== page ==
By Bob Brooks
March 5, 2015
When it comes to investment risk, people take it for all types of reasons. Some of them make sense while others don’t. Some take it and have no idea that they are taking it. This is one of the reasons why I have offered my risk survey as a free resource. I am on a mission to help people understand risk. I believe it is one of the most misunderstood concepts in investing. So, make sure that you take advantage of this free resource.
Here are the three most dangerous reasons to take risk.
- Trying to play catch up – You are behind in your saving for retirement and you are being as aggressive as possible to make up for lost time. It is understandable. If there is a possibility to get caught up you want to take that risk. So, be as aggressive as possible, right? There is one overriding problem with that reason. Most people will be so busy focusing on being aggressive to make higher returns that they will not do anything to protect themselves from risk. Thus, their investment plan becomes no different than high stakes poker. If you are going to be aggressive, you have to plan for risk. A growth only strategy will put you on the investment roller coaster at best.
You are young – This is a rationalization that has been fostered by the mutual fund industry. You are young and can afford to take risk because you have time on your side. In fact, the mutual fund industry has developed a whole like of mutual funds that base the amount of risk that you take on your age. In theory, as you age the fund you are in decreases risk level. Maybe you are 25 years of age and taking a lot of risk is not a fit for you. If so, take the level that is appropriate versus going all in because you have “time on your side.” There is more to it then age when assessing a risk level.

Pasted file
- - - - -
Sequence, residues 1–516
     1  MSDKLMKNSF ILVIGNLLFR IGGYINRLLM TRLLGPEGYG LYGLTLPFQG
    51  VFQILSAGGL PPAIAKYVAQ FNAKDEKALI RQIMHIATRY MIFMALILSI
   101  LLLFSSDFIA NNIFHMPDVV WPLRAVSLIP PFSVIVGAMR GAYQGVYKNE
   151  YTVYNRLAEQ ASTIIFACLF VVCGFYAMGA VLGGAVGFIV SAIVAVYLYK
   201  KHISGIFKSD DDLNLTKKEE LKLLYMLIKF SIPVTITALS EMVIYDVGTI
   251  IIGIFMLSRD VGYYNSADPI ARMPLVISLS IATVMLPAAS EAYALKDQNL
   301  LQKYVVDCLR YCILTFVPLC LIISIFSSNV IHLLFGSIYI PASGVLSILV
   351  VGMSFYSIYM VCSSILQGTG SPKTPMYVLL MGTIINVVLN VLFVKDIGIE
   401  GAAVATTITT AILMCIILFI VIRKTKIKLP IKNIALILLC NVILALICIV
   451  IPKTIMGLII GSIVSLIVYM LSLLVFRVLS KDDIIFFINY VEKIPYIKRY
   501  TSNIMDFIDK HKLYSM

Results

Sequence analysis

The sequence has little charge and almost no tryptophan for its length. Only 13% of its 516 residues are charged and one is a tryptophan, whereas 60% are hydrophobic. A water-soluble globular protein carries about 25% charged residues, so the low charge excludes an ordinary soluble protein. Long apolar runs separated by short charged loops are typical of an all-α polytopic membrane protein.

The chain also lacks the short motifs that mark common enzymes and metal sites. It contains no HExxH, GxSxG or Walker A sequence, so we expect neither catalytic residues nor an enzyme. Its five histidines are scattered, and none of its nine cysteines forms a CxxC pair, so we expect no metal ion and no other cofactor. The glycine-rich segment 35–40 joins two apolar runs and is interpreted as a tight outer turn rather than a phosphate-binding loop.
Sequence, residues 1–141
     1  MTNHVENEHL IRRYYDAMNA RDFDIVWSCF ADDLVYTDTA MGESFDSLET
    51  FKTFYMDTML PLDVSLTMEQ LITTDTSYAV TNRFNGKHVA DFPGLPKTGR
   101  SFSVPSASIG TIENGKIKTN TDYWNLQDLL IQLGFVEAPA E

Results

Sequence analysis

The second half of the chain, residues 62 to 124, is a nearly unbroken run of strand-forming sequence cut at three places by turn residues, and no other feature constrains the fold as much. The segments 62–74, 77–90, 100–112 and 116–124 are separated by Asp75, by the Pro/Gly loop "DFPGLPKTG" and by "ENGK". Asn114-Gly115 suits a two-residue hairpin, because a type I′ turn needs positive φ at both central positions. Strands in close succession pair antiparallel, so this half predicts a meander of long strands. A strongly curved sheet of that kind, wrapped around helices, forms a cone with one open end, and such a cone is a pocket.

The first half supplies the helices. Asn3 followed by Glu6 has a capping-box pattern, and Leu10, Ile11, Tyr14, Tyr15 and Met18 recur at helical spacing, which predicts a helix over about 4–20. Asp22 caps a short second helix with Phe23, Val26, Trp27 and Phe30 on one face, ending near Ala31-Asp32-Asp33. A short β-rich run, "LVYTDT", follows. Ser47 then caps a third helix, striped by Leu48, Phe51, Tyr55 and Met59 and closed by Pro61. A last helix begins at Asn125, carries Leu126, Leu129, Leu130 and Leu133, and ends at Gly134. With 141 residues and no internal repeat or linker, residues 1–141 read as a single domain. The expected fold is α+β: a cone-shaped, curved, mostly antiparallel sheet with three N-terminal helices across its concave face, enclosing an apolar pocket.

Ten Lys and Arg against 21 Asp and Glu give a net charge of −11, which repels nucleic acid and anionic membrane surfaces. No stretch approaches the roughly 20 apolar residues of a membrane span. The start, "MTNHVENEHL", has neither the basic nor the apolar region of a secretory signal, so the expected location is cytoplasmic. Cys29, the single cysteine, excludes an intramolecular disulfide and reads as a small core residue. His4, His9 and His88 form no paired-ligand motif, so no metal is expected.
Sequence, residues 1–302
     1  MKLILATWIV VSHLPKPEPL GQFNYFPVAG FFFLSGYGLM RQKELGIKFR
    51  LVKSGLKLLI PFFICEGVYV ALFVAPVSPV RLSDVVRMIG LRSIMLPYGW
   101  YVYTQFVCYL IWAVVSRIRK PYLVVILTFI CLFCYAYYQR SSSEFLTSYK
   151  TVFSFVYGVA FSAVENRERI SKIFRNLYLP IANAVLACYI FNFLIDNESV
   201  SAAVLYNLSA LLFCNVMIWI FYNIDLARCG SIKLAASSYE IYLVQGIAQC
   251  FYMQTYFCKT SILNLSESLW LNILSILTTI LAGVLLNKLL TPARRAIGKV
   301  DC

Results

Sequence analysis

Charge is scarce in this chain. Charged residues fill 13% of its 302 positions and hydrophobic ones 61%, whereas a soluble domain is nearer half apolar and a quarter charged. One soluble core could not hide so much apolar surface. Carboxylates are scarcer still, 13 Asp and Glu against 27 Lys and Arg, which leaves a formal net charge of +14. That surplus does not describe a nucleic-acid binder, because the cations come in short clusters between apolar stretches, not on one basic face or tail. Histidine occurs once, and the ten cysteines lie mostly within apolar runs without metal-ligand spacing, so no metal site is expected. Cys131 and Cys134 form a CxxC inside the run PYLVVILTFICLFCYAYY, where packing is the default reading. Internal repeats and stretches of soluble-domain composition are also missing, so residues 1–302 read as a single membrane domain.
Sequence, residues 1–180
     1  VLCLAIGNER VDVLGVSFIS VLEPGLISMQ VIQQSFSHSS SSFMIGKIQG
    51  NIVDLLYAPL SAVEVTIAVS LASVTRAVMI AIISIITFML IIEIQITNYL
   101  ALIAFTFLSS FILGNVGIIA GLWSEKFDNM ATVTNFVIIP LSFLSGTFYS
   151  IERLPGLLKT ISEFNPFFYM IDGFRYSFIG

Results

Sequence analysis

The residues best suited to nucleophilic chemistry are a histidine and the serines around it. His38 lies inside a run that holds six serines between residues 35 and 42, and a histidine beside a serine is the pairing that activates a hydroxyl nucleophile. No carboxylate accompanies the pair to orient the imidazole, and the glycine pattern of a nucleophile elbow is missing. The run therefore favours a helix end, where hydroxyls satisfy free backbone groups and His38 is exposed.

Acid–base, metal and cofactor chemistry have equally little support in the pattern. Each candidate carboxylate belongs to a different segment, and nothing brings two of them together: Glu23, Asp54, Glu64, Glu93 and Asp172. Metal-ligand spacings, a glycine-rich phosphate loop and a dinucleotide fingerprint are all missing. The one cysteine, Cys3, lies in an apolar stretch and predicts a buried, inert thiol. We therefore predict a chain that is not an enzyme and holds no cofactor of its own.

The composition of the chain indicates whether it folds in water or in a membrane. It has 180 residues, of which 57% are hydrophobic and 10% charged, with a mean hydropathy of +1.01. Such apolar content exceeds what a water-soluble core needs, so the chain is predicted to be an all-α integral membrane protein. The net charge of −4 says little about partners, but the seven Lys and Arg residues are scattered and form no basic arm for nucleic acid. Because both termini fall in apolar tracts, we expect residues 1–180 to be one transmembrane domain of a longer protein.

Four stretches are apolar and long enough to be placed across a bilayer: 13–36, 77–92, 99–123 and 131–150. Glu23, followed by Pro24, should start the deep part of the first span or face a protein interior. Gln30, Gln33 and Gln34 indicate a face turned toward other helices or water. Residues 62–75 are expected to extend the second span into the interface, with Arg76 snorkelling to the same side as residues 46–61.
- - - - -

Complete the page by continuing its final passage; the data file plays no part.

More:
Because my advisor recommended that I do – Are you and your advisor on the same page in regards to risk? The initial conversation usually goes like this.
Advisor: On a scale from 1 to 10, what is your risk level?
Client: I am a 6.
Advisor: Great – then let’s look at putting together a portfolio that resembles a 6.
Do you know what a 6 is? There is no commonly accepted definition for any of the numbers between 1 and 10. Chances are what you think is a 6 and what your advisor thinks is a 6 are two different things. Get on the same page with your advisor and have a very well thought out conversation about risk. This is a conversation that the advisor should take seriously. If not, maybe you need a new one.
There is a formula for taking risk. The formula is involves risk and reward. You take more risk when the likelihood exists that you will get more reward. You take less risk when you feel there is a likelihood exists when you will get less reward.